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‘Duh, Winning’: Sheen moves to trademark phrases

‘Duh, Winning’: Sheen moves to trademark phrases

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LOS ANGELES — Not everyone may have Charlie Sheen’s “Adonis DNA” but people may soon be able to wear it, chew on it, drink it and experience it in a videogame.

Within two weeks of Sheen’s firing from television’s top-rated comedy, a company with ties to the actor applied to trademark 22 of his catchphrases, including “Duh, Winning,” “Vatican Assassin,” “Tiger Blood” and “Rock Star From Mars.”

The former “Two and a Half Men” star introduced the world to many of the phrases during a media blitz in February and early March that Sheen dubbed a “Media Tsunami.” That trademark is still up-for-grabs, but the applications point to a possible merchandising blitz.

The phrase, “I’m not bi-polar, I am bi-winning,” could end up on cell phones, in comic books, on wallets, purses, stickers and pens and pencils. Other potential items where the phrases may be emblazoned include bras, pens and pencils, pet foods and even alcoholic drinks.

There may even be something for gamblers — “Winning” could end up on slot machines.

Sheen’s spokesman, Larry Solters, said Tuesday that how the trademarks are used if they are approved will be determined later.

Records show Hyro-gliff, a California company formed last month, filed trademark applications between March 19 and 22. In filings, the company lists its address as the offices of Sheen’s attorney, Marty Singer, who is pursuing a $100 million lawsuit against Warner Bros. and “Men” creator Chuck Lorre.

The company also applied to trademark Sheen’s name and signature, as well as his nicknames for his home (Sober Valley Lodge) and his girlfriends (Sheen’s Goddesses.)

A pair of applications cover the title of the actor’s current stage show, seeking protection for the phrases “Violent Torpedo of Truth” and “Defeat is Not an Option.”

The filings do not guarantee that any of the products will ever be made, but if approved they will protect Sheen’s name and interests from others who try to make merchandise from his sound bites.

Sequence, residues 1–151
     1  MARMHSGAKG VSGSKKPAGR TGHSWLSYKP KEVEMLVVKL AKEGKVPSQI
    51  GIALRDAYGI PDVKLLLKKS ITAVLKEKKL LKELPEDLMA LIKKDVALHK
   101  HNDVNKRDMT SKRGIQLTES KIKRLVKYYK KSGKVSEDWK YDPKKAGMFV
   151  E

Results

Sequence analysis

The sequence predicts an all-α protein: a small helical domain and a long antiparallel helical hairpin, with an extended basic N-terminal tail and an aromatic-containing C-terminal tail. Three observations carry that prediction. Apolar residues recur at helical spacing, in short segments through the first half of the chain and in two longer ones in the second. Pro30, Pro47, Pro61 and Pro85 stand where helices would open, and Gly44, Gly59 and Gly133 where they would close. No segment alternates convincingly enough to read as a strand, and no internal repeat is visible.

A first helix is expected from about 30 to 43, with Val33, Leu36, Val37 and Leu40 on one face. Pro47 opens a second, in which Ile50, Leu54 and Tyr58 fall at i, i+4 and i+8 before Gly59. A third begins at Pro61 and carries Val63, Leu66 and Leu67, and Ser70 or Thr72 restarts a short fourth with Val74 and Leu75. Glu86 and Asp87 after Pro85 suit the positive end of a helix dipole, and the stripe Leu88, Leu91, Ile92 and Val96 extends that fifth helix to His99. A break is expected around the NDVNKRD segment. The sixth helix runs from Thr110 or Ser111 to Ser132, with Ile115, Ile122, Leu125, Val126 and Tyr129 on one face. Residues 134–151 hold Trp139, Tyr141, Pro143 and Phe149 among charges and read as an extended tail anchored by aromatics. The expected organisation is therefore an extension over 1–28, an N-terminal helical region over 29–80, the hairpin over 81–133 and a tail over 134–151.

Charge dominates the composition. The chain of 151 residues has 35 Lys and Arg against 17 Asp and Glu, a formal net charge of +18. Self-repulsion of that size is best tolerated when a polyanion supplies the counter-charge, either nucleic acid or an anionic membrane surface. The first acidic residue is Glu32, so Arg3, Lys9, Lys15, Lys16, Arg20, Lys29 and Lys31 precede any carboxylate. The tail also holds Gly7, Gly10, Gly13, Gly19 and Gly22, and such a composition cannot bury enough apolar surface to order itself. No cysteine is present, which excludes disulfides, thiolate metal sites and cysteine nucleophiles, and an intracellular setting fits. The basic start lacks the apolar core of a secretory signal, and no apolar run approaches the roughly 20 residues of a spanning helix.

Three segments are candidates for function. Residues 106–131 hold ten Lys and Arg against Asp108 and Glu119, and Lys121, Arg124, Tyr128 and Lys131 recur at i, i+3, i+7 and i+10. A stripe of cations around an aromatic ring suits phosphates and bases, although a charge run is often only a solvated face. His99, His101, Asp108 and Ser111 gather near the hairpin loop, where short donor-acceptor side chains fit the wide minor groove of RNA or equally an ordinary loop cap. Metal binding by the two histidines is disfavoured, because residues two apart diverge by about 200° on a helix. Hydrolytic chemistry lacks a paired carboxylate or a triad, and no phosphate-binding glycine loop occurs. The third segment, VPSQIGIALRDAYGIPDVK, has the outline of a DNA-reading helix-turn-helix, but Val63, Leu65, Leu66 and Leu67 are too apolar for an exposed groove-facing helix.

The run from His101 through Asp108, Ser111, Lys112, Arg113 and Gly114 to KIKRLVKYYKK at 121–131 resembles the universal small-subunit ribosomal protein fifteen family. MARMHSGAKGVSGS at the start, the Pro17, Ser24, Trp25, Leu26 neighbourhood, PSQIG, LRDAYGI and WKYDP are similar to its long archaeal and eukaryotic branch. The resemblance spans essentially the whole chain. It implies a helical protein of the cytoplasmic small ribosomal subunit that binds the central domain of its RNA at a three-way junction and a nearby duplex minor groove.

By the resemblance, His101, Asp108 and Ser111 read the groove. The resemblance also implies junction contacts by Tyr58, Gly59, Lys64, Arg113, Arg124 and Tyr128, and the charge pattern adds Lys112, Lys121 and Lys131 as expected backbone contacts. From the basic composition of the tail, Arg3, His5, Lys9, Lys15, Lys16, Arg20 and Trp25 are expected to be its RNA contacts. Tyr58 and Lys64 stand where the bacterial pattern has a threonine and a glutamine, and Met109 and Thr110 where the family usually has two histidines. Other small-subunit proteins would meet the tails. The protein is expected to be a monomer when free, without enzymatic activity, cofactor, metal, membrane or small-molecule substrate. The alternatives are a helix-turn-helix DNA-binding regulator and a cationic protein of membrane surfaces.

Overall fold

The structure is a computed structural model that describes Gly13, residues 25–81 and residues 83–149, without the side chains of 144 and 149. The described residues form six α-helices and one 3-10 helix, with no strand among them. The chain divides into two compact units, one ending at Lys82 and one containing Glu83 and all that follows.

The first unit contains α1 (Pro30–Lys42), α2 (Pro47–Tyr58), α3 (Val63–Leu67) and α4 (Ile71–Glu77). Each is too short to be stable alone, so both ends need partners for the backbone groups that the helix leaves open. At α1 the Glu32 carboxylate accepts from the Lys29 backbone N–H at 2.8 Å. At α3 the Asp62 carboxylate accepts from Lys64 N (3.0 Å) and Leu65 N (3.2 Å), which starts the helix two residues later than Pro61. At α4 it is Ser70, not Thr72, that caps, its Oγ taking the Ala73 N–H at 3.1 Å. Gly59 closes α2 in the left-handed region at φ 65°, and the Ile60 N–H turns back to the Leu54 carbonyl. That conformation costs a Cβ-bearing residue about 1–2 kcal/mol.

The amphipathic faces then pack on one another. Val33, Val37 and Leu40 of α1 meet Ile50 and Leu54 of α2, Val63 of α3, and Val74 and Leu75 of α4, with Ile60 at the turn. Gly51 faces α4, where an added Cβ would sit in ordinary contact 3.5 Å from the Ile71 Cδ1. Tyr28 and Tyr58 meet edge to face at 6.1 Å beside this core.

There’s already plenty of competition for Sheen-isms. Two other people sought to trademark “Adonis DNA” before Sheen, listing potential uses on clothing and as a nutritional supplement. Thirteen others, including Jimmy Buffett’s company, have sought to trademark “Tiger Blood” for use on nutritional and alcoholic drinks.

If Sheen gets the trademarks, it could help fill some of the financial void left by his firing from “Men,” which reportedly paid him $1.8 million per episode.

The actor has already been selling T-shirts and other merchandise on his website using some of the phrases. That would give him an advantage in claiming trademark rights, said attorney Aaron Moss, a partner with the firm Greenberg Glusker, which specializes in intellectual property cases.

Sheen’s distinctive use of some of the phrases will also fend off competitors. “He has become solely identifiable as the source of these catchphrases,” Moss said.

It could take a year or more for the government to register the trademarks, but the fact Sheen is selling merchandise with the phrases protects his interests, Moss said. “He’s going to have a much stronger claim to those trademark rights than any third party,” he said.

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